Inflation Is A Nominal Phenomenon

4. The same argument applies to price controls. Let’s say that firms have some monopoly power and that price controls are able to reduce price mark-ups by 2%. That merely produces a one-time 2% fall in the price level, relative to where it would otherwise have been. Go much further with price controls and you end up with severe shortages. But if the Fed is simultaneously boosting money growth from 5%/year to 10%/year, the disinflation effects of the price controls will be overwhelmed by the effects of faster money growth.  That’s the story of the 1970s.

To summarize, Keynesians were treating inflation like it was a microeconomic problem, which could be addressed by influencing real variables. It’s true that if you want to lower the relative price of a single good in the economy, you need policies that impact real variables. But inflation is a nominal phenomenon, and it requires nominal solutions. You need to reduce the growth rate of the nominal money supply.

In some respects the Keynesian mistake was understandable. Between 1879 and 1968, the price of gold was fixed, except during 1933-34 when it rose from $20.67/oz. to $35/oz. During much of that long period, people tended to think in terms of high and low price levels, not high or low rates of persistent inflation. In a world where price levels bounce up and down and inflation is not persistent, the four Keynesian fallacies discussed above are much less of a problem. Real and nominal interest rates are similar, the Phillips Curve is more stable, tax increases can slightly reduce the price level during a period of high prices, and price controls can have a modest effect during a temporary price level surge.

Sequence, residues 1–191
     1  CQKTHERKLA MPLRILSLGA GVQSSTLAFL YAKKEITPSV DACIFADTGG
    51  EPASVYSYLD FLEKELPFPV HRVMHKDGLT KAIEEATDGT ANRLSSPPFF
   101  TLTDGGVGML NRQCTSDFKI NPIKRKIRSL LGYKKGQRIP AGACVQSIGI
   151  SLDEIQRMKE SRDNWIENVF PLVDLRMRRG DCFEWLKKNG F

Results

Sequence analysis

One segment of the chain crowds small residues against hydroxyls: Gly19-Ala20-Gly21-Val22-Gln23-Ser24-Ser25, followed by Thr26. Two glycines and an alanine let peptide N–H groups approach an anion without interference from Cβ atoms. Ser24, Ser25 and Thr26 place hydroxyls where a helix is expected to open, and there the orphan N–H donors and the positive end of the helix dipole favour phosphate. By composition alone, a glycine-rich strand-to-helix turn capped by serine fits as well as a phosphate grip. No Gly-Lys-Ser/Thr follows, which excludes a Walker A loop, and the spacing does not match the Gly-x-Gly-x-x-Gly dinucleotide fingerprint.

But if the inflation rate rises from 2% to 8%/year, and the high inflation persists for a long period, then real theories of inflation become almost worthless. It’s a monetarist world, and Milton Friedman was the master of that world.

PS.  Some of these arguments are less applicable to a world of zero interest rates.  But Friedman was winning his arguments with the Keynesians at a time when nominal interest rates were far above zero.

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